Image-wise, the siblings of The Band Perry are aiming squarely at the youth market. Sister and lead singer Kimberly has a Taylor Swift thing going on, with big curly blonde hair, while brothers Neil and Reid could be Jonases as easily as Perrys. Their musical style trends young, as well. There's an element of bluegrass in the music, but it's often more of a grace note on top of the pop-rock guitars and drums that remain the focus of the album.
Lyrically, the songs also offer a youthful perspective, with mentions of prom nights and promise rings. That's not to suggest there's no depth to the songs - they offer a genuine, thoughtful perspective on young love, from the enthusiasm of the single Hip to My Heart, to the achingly pretty, yet mournful If I Die Young, in which the narrator contemplates her own mortality. Particularly compelling are Walk Me Down the Middle, which is part small town love song, part victory lap for a woman who has finally landed her man and the desperation of All Your Life.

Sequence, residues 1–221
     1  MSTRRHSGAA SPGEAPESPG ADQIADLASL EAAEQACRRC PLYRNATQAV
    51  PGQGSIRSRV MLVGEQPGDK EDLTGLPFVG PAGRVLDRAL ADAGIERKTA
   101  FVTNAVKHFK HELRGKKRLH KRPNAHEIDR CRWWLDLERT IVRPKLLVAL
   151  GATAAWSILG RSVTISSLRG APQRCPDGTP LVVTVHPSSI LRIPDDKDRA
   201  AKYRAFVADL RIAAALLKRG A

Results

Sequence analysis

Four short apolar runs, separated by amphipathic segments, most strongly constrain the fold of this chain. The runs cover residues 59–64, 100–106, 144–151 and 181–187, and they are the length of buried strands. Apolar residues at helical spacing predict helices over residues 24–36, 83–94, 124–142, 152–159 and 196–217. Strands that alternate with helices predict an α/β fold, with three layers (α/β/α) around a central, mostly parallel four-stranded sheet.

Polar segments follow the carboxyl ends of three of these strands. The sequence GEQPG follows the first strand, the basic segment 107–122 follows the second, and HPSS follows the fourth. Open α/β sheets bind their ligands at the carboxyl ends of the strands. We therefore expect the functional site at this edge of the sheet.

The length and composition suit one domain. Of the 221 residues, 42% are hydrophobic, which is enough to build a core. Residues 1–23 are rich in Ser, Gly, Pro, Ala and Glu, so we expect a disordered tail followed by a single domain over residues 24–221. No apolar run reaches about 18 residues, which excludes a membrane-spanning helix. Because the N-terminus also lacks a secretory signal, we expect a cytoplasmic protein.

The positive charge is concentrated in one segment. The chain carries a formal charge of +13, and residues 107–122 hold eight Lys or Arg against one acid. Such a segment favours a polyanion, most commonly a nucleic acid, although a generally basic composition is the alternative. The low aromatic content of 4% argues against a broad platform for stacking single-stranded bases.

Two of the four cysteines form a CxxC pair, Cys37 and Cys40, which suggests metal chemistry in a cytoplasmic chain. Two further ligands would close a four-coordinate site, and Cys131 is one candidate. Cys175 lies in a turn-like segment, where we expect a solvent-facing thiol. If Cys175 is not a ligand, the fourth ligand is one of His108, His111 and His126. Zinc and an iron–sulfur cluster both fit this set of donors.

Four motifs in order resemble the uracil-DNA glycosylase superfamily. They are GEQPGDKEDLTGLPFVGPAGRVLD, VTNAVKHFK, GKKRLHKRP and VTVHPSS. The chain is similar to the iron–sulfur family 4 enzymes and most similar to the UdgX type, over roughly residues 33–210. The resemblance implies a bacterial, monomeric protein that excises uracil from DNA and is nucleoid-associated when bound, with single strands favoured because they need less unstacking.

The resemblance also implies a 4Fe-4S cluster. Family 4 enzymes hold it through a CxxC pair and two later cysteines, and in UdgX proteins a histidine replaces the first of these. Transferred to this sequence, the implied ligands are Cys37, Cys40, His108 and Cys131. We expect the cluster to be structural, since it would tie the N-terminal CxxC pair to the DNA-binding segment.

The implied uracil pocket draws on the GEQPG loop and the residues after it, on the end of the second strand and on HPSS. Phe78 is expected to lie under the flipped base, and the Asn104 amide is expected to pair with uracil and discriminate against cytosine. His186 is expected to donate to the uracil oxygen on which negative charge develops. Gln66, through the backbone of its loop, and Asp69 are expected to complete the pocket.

The latter track captures all the intensity of an unrequited teenage crush in its powerful bridge: "Lately I've been writing desperate love songs / I mostly sing them to the wall / You could be the centerpiece of my obsession / If you would notice me at all."
As with the rest of the album, Kimberly sings the hell out of those lines, edging towards the line between expressive phrasing and oversinging, but usually staying just this side of going wrong. There's certainly lots of room for The Band Perry to mature, but right now, they're providing a refreshingly non-cliché view of what it's like to not have grown old yet.